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By Gemma Q. Casas

SAIPAN, CNMI (Marianas Variety, May 27) – The indigenous people of the Northern Marianas rank third in the world among adult populations with type 2 diabetes. They also have a higher rate of limb amputation and blindness, compared to the population in the United States.

These findings were included in a federally funded study conducted among 453 public and private high school sophomore students.

Sharon Daves, public health prevention specialist of the Atlanta-based Centers for Disease Control; Richard Brostrom, medical director of the Division of Public Health; and Lynn Tenorio, CNMI-Public Health diabetes program coordinator, who co-authored the study, said minority populations like the Chamorros and Carolinians tend to be more affected with diabetes.

"The burden of diabetes among Pacific islanders is disproportionately high. The indigenous people of the Commonwealth of the Northern Mariana Islands, the Chamorros and Carolinians, rank third in the world among adult populations with type 2 diabetes; only the Pima Indians and the Nauruans carry a higher rate," they said.

"In the CNMI, 14 per 1,000 populations with diabetes have at least one blind eye, whereas the rate on the mainland is 2.2. Of 1,000 persons with diabetes in the commonwealth, 8.5 begin dialysis each year versus 2.1 on the mainland U.S. Among 1,000 persons with diabetes, 12.8 undergo limb amputation each year, a rate 50 percent higher than the U.S. national rate," they added.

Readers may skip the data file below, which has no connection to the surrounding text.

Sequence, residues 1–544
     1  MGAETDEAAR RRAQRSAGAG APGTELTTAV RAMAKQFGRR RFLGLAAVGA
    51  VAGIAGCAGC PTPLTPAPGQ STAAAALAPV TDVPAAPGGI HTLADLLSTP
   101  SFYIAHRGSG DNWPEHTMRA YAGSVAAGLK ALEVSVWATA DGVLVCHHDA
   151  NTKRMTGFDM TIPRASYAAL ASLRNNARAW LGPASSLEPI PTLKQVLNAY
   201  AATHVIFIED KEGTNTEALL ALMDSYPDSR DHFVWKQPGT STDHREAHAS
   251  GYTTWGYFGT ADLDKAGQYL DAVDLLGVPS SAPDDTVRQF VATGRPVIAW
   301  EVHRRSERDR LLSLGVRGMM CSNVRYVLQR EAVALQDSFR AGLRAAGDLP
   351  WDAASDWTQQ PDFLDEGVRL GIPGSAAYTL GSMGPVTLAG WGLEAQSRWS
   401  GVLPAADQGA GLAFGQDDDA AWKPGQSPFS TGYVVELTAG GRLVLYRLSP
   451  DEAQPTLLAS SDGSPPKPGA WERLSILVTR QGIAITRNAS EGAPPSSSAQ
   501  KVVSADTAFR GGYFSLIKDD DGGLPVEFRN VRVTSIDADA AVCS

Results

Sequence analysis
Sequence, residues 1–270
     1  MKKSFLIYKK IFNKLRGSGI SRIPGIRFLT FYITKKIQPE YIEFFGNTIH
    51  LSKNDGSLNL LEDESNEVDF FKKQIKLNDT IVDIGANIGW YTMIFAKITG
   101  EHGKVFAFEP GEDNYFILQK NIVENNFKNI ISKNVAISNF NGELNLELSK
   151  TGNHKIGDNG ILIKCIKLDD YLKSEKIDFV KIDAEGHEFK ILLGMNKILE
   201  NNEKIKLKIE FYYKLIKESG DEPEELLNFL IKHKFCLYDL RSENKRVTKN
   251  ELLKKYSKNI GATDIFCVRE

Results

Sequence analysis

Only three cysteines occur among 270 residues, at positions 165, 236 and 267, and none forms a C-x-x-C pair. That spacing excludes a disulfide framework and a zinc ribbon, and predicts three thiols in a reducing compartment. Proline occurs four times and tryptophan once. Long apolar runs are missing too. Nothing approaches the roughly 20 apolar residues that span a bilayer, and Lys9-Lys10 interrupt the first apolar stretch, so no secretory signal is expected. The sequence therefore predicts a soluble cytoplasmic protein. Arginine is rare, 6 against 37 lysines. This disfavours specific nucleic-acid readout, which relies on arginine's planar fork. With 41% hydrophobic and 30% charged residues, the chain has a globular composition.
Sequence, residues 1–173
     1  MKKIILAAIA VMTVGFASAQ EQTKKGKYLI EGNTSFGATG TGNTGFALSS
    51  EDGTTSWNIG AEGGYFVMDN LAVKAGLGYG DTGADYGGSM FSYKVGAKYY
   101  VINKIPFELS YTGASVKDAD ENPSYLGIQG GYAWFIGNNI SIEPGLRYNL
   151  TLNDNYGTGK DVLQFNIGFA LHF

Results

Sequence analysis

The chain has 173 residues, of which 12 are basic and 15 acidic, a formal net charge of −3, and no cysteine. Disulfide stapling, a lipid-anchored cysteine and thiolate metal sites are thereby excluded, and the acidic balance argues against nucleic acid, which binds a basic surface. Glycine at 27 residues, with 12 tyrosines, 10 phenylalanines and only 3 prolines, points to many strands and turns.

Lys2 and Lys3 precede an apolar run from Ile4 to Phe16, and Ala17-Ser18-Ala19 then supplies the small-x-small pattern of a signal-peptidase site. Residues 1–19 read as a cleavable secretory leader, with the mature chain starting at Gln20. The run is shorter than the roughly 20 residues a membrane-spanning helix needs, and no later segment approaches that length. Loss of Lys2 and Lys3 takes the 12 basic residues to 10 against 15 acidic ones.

They said this situation is affecting the CNMI’s already limited funding for health care services.

The authors of the study said while it is true that genetics play a factor in getting diabetes that cannot be changed, obesity, another major factor in getting the disease, can be prevented.

"Studies have indicated behavioral interventions are more effective at an early age, rather than measures attempting to alter established patterns in adulthood. As the onset of type 2 diabetes has been estimated to occur 4 to 7 years before clinical diagnosis, screening is a vital tool in the identification of modifiable environmental risk factors," the study said.

The study found out that many of the students tested were either obese or overweight.

Their nutritional habits were also far from healthy.

For instance, nearly 50 percent of the sophomores said they drink regular soft drinks five to seven days a week.

Almost all of them also eat fast-food in any given week.

But while many of them regularly eat and drink unhealthy food, they do not have enough physical activities to burn their calories.

The study stated that more awareness about nutrition is needed to save the youth from diabetes.

May 27, 2005

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